Novavax (NVAX)

Novavax’s COVID-19 vaccine candidates use its proprietary recombinant protein nanoparticle technology platform to produce protein antigens derived from the coronavirus spike (S) protein, and combines them with their Matrix-M™ adjuvant to enhance immune responses. The Company is evaluating multiple nanoparticle vaccine candidates in preclinical animal models to identify an optimal candidate for human testing, which is expected to begin by the end of spring 2020. Novavax previously used a similar approach to produce two separate infectious disease vaccines that were shown to be safe and able to induce an immune response in Phase 1 trials and are now in Phase 3 testing. It is expected that it will take several months to complete the Phase 1 trial of the COVID19 candidate to evaluate initial safety and immunogenicity, which would then be followed by larger phase 2 / 3 trials evaluating actual protection from infection. The latter may take many months to a year realistically pushing out the earliest potential date for vaccine availability to late 2021 or 2022.

Inovio Pharmaceuticals (INO)

Inovio is collaborating with Beijing Advaccine Biotechnology Co. to advance the development in China of INO4800, Inovio’s vaccine against the recently emerged SARS-CoV-2. The vaccine candidate will be designed to deliver DNA to induce an immune response. The program is in early preclinical development and manufacturing of a candidate has not yet begun. It may be months to a year or longer before this vaccine candidate enters clinical trials.

Altimmune (ALT)

Altimmune is working on a COVID-19 vaccine using it’s technology platform designed to provide systemic immunity following a single intranasal dose. The design and synthesis of the vaccine has been completed and the program is now advancing toward animal testing and manufacturing. It may be many months to a year or longer away from completing the optimization and manufacturing work required to begin clinical testing.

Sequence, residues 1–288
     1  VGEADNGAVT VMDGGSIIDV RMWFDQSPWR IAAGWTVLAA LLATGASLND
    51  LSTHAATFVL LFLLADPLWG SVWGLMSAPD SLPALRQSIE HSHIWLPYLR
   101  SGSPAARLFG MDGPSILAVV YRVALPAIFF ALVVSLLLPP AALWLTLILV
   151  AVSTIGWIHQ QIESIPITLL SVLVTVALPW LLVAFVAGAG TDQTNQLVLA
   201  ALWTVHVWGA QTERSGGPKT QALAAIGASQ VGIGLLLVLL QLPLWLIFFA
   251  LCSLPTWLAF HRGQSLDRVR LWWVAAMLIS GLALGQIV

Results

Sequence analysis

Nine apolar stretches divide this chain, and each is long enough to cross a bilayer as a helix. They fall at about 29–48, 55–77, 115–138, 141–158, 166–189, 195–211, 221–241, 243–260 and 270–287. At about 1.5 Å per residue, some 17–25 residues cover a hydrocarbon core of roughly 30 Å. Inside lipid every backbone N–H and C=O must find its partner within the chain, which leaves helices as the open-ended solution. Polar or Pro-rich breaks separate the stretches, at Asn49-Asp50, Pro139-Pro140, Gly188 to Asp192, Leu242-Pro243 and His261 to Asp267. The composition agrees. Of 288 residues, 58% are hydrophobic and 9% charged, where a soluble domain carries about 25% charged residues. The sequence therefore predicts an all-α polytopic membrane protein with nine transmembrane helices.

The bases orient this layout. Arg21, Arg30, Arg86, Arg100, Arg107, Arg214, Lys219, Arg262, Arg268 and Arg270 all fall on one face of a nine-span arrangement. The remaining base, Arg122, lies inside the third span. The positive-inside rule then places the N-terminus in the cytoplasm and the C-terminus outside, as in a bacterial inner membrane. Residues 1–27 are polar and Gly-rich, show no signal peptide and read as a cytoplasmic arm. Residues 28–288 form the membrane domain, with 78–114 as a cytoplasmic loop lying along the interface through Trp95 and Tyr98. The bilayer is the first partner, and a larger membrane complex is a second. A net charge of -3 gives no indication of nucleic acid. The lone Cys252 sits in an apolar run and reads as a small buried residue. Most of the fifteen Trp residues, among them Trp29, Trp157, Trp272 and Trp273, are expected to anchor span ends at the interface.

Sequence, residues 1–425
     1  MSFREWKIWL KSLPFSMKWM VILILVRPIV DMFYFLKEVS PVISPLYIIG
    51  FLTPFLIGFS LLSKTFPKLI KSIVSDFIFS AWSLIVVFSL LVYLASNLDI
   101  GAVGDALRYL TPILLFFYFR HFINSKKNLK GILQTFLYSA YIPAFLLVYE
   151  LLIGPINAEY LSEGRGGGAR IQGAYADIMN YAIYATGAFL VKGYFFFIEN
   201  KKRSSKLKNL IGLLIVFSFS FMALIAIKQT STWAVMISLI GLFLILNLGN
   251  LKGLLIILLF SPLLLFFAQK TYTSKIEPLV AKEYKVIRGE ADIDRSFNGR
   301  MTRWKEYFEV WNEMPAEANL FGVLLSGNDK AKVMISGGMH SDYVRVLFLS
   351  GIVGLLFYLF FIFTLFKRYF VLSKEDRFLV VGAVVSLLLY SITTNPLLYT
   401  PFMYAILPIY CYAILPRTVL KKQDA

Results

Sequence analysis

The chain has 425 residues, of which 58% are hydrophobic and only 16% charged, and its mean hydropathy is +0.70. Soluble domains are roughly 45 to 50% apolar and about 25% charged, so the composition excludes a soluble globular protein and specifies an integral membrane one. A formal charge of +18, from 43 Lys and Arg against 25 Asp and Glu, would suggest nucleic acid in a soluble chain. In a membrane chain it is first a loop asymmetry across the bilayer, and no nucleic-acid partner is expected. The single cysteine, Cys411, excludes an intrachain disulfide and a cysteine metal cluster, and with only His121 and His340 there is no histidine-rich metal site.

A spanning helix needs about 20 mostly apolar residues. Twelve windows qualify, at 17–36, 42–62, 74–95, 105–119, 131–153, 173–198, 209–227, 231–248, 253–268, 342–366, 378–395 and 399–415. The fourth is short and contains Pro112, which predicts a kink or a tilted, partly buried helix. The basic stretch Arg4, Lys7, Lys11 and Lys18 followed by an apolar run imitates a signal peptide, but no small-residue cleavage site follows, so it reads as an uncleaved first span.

Dynavax (DVAX)

Collaborating with the University of Queensland as part of a Coalition for Epidemic Preparedness (CEPI) to develop a vaccine for COVID-19. Dynavax is providing technical expertise and the Company’s proprietary toll-like receptor 9 (TLR9) agonist adjuvant, CpG 1018, to support this initiative. CpG 1018 was designed to increase vaccine immune response and is the adjuvant used in HEPLISAV-B®, an FDA approved adult hepatitis B vaccine. The program is at an early preclinical stage and it may be many months to a year or longer away from completing the optimization and manufacturing work required to begin clinical testing.

References:

1. Center for Systems Science and Engineering (CSSE) at Johns Hopkins University, Baltimore, MD. www.arcgis.com/apps/opsdashboard/index.html#/bda7594740fd40299423467b48e9ecf6
2. Evidence of SARS-CoV-2 Infection in Returning. Travelers from Wuhan, China, NEJM February 18 2020 Letter.
3. SARS-CoV-2 Viral Load in Upper Respiratory Specimens of Infected Patients, NEJM Feb 19 2020 Letter.
4. WHO MERS Monthly Summary https://www.who.int/emergencies/mers-cov/en/
5. WHO Middle East respiratory syndrome coronavirus (MERS-CoV) Disease Reference News 31 Jan 2020.
6. WHO 2003 Consensus document on the epidemiology of severe acute respiratory syndrome (SARS) https://www.who.int/csr/sars/en/WHOconsensus.pdf?ua=1
7. Harvard Magazine, Fighting SARS-2, February 2020 https://harvardmagazine.com/2020/02/fighting-sars-2
8. Nature 578, 347-348, 2020.
9. A Randomized, Controlled Trial of Ebola Virus Disease Therapeutics, NEJM, 381, 24, 2293-2303.